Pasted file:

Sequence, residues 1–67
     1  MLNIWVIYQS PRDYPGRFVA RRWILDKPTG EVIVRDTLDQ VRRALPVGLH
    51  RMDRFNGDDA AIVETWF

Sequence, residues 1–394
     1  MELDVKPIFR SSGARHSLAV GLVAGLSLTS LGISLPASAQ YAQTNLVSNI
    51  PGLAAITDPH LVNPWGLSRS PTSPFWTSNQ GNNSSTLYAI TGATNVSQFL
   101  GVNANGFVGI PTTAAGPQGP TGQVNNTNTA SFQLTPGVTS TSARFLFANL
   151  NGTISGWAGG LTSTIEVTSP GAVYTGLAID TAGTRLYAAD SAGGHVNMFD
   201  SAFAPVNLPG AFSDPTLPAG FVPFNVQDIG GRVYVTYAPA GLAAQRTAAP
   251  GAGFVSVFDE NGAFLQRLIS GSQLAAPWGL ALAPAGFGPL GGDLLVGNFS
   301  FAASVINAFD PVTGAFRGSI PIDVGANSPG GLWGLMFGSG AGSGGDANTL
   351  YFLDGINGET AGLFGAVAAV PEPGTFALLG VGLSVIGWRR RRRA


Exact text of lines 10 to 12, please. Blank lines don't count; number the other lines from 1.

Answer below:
   251  GAGFVSVFDE NGAFLQRLIS GSQLAAPWGL ALAPAGFGPL GGDLLVGNFS
   301  FAASVINAFD PVTGAFRGSI PIDVGANSPG GLWGLMFGSG AGSGGDANTL
   351  YFLDGINGET AGLFGAVAAV PEPGTFALLG VGLSVIGWRR RRRA